In 1946 we were up to 62 FM radio stations. This fulfilled what was then a plan to allocate only 70 licenses for commercial FM and 20 for non-commercial. Almost all of the 600 FM applications were filed based on the original FM rules, which they had promptly changed. They denied most of them. The Annual report of 1946 clearly notes that 250 FM applications are pending. The start was shaky.
In 1963 docket 14185 adopted most technical FM rules and really established a nation wide tabel of FM assignments. At this time the FCC was openly considering a ban between FM /FM simulcasts as an "a waste of valuable spectrum space." By 1965 at least 7,570,000 homes had FM radios. This leaned heavily toward urban areas. New York City had a penetration of over 50%. There were 4,097 Am stations at that time and 1628 FM stations. You can see the gap closing at least in terms of raw numbers.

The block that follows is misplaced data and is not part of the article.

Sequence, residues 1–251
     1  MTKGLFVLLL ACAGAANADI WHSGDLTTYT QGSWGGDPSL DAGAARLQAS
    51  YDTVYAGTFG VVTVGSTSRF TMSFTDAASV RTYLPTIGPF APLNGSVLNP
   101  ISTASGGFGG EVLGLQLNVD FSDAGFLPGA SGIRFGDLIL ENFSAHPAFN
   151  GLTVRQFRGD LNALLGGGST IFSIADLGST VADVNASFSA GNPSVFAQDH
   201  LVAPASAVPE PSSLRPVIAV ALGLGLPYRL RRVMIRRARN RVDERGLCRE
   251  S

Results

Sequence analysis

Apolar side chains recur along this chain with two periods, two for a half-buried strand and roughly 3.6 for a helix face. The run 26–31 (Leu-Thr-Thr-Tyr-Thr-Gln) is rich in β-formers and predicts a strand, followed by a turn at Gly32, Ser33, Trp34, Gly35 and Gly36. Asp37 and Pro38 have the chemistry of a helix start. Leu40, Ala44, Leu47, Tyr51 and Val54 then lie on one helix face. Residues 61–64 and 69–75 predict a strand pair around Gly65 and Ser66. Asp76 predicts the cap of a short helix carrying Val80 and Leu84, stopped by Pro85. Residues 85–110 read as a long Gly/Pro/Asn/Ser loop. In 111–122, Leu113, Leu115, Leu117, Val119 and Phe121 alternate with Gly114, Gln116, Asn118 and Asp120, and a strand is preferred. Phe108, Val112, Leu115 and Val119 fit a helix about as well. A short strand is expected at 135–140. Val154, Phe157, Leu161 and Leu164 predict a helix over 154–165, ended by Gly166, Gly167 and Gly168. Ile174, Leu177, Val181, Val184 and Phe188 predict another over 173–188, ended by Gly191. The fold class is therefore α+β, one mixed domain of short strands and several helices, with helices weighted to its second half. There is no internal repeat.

The magic year was 1978. That year AM became a ratings minority. Of Arbitron's 500 top 10 stations in the top 50 markets, AM only had 240 stations. To quote from the Broadcasting cable article written that year:
"Take the number-one market, New York, where WBLS, WRFM, WPLJ, and WXLO, all show up in the top 10. Tehre are also four in Chicago (WLOO, WLAK, WBMX, and WCLR) and three in Los Angeles (KJOI, KMET, and KLOS). Rounding out the top-10 markets-Detroit has six, Philadelphia has five Sanfrancisco four, Boston Five Dallas-Ft. Worth six, Pittsburgh six including one AM-FM simulcast combination and Washington eight (including one combo)."That same year there were only 3,896 FM stations to compete with 4,495 AM stations.